In choosing the 2013 Queensland Museum MDO Flood Response as the Winner in the ‘Organisations: Staff of 4 or more’ category, the judges acknowledged the MDO’s outstanding leadership in harnessing their training and knowledge to provide front-line support to communities in recovery. Their demonstration of best practice, and the creation of a learning environment for all involved (including themselves), resulted in a streamlined approach to the care and safeguard of collections at risk. The judges also recognised not only the professional support provided to these organisations by the MDOs, but also the personal commitment – living in campervans and working side by side with affected volunteers and staff in the midst of mud, water, mould and debris.

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 THE WORKSHOPS RAIL MUSEUM, IPSWICH

The Workshops Rail Museum in North Ipswich is part of the Queensland Museum Network. It explores the rich heritage and culture of the Australian rail story at the birthplace of rail in Queensland.

In 2012, the Museum developed I’ve Been Working on the Railway, an exhibition exploring a little-known Australia-wide story of the thousands of Torres Strait Islanders, Aboriginal people and Australian South Sea Islanders who have worked on the railways, and the Museum’s first exhibition co-created with these communities.

Presenting a social history of these communities, from a positive, self-told perspective, I’ve Been Working on the Railway provided a compelling insight into what it was like to be an Indigenous rail worker in the mid-twentieth century. Recounting individual stories and exploring railway camp life, work life and family life through the use of objects, photographs and audio-visual material, I’ve Been Working on the Railway highlighted the different places and ways in which these communities supported the development of the Australian rail network.

The exhibition examines the restrictions associated with the work and movement of Indigenous people in the mid-twentieth century, contrasting ideas about “safe places to work” and diaspora, alongside fresh, contemporary perspectives about work in, and on, the railways for Torres Strait Islanders, Aboriginal people and Australian South Sea Islanders.

The exhibition had an emphasis on social history, and provided appeal to diverse audiences (including enthusiasts, tourists and families with children). A unique mix of objects and presentation styles were used to illustrate the themes, including: didactic exhibition panels; objects, photographs and documents; audiovisual material; and public programs.

The exhibition attracted over 19,000 visitors, and the Museum has now secured funding to tour the exhibition nationally in both a full-version for museums and a ‘light’ version for smaller and non-climate controlled environments, to enable wide access to these histories, including communities where the stories originated.

In awarding The Workshops Rail Museum a Special Commendation in the ‘Organisation: Staff of 4 or more’ category, the judges commended the Museum for developing a high-quality exhibition that was stimulating and innovatively designed, and which presented stories that have had little public exposure to date. The Museum’s success in forging new collaborations and stakeholders in the processes of research and engagement, and the sense of pride and ownership it provided for both individuals and the communities, were significant outcomes for the project.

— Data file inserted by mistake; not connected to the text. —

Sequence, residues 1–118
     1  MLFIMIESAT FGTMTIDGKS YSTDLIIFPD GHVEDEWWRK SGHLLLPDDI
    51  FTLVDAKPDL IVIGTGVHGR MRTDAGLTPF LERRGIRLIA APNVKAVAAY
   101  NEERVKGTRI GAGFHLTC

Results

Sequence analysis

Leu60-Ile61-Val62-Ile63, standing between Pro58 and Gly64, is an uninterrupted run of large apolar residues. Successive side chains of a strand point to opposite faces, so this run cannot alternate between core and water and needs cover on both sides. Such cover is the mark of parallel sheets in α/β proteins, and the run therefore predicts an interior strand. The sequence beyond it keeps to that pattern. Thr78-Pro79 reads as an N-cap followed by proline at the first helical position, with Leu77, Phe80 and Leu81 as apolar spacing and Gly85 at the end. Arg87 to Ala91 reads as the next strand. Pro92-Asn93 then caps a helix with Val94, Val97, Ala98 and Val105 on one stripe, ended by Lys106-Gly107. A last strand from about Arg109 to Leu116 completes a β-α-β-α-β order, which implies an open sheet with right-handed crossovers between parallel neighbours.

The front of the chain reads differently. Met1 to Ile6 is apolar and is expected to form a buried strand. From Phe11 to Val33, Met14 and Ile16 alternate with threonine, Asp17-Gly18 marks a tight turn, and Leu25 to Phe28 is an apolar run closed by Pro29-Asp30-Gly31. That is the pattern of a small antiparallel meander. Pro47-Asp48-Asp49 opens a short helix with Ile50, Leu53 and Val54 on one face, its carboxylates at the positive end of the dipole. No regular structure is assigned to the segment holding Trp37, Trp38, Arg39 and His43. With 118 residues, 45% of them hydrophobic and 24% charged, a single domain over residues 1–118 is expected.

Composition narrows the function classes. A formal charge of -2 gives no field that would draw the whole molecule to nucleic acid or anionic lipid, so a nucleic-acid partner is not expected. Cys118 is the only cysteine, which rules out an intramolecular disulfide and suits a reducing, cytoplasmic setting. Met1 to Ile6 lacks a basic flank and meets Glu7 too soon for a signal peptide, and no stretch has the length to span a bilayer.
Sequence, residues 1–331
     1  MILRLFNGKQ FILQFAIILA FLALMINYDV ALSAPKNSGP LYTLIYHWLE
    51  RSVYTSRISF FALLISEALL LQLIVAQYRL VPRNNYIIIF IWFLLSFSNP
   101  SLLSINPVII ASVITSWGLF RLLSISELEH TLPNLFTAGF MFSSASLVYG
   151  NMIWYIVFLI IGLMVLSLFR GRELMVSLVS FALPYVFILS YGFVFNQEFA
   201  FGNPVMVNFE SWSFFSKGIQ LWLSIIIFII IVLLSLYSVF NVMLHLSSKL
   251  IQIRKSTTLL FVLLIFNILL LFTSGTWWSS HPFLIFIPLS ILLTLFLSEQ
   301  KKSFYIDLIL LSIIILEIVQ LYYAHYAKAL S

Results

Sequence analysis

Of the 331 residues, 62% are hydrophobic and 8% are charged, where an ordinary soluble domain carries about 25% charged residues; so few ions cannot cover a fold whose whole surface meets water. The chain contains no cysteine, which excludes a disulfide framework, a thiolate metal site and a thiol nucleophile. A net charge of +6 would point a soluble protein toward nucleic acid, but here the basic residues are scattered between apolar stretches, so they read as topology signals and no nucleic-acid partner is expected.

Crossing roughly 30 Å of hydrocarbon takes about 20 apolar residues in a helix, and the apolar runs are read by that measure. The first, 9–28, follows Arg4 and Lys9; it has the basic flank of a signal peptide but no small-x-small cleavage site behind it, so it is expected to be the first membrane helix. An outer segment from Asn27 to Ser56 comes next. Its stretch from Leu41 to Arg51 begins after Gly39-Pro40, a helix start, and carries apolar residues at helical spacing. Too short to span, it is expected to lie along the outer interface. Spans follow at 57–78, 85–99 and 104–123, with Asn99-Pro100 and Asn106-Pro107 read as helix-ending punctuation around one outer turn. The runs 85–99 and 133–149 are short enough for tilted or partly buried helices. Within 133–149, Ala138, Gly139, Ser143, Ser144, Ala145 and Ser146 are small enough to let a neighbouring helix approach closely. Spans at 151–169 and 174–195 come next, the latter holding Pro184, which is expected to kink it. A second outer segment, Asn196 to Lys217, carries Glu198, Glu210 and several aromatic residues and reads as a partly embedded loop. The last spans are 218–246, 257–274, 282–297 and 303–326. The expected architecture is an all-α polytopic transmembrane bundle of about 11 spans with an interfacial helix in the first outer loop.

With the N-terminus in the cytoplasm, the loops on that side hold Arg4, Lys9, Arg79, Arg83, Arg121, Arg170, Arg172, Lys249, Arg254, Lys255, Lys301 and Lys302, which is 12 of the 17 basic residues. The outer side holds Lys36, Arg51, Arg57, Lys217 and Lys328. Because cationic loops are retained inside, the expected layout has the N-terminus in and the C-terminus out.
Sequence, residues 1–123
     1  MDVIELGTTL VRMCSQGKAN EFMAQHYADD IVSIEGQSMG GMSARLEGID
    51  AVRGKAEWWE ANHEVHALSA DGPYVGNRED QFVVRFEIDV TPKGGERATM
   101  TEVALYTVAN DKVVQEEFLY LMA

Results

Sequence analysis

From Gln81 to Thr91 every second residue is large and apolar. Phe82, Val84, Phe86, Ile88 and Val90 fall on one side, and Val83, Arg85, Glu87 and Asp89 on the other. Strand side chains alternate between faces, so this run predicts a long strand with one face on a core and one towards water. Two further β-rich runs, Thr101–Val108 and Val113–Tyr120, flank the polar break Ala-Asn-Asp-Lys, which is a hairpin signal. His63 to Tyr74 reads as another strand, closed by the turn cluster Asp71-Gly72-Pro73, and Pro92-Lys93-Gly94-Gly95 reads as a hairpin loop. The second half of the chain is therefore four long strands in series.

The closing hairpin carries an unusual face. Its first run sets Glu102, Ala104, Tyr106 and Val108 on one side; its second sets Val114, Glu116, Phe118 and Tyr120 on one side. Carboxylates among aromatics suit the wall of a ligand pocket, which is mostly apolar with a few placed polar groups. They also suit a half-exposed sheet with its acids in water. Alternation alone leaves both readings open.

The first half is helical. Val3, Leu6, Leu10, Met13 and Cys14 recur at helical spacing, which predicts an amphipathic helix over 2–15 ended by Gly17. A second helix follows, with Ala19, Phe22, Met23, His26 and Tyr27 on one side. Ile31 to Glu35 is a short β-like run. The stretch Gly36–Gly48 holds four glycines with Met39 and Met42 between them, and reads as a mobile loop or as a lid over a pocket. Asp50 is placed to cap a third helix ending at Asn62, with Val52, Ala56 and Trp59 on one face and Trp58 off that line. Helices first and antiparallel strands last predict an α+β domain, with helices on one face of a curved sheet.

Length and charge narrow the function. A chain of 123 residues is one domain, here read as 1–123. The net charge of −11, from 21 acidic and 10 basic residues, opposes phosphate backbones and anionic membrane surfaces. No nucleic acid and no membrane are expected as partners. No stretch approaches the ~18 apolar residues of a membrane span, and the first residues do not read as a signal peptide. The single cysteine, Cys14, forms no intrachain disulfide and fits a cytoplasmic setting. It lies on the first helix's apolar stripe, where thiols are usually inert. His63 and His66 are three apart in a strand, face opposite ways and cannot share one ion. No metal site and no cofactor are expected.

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The 2013 GAMAA was presented by Museum and Gallery Services Queensland. This prestigious annual event is designed to celebrate the outstanding achievements, professional excellence and innovation of Queensland’s museums and galleries. The Awards recognise the valuable contribution our State’s museums and galleries make to enriching their local and wider communities, and honour the extraordinary commitment and talents of paid professionals and volunteers working in the industry.

For a full list of winners and photos of the event, and to see what the GAMAA Judges said, go to the M&GSQ website at www.magsq.com.au

The 2013 GAMAA were proudly sponsored by Museum of Brisbane, Brian Tucker Accounting, Brandi Projects, Archival Survival, Regional Galleries Association of Queensland and Museums Australia Queensland.

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Museums & Galleries Queensland

122 Gerler Rd, Hendra QLD 4011

Phone: 07 3059 9740
Email: information@magsq.com.au
Web: www.magsq.com.au

Museums & Galleries Queensland is the peak professional body for the public museum and gallery sector in Queensland.

Museums & Galleries Queensland promotes, supports and provides services to foster excellence in museums, galleries and keeping places. We strive to ensure a future where museums, galleries and keeping places are relevant, accessible and valued by their communities.

M&G QLD Staff

Rebekah Butler, Executive Director
Debra Beattie, General Manager
Morgan Bundy-Wright, Information Officer
TRAINING & PROFESSIONAL DEVELOPMENT
Deannah Vieth, Training and Professional Development Manager
Leisha Lawrence, Training and Professional Development Program Officer
EXHIBITION DEVELOPMENT & TOURING
Donna Davis, Exhibition Program Officer
Bonnie Melrose, Exhibition Program Officer
Andrea Higgins, Exhibition Program Officer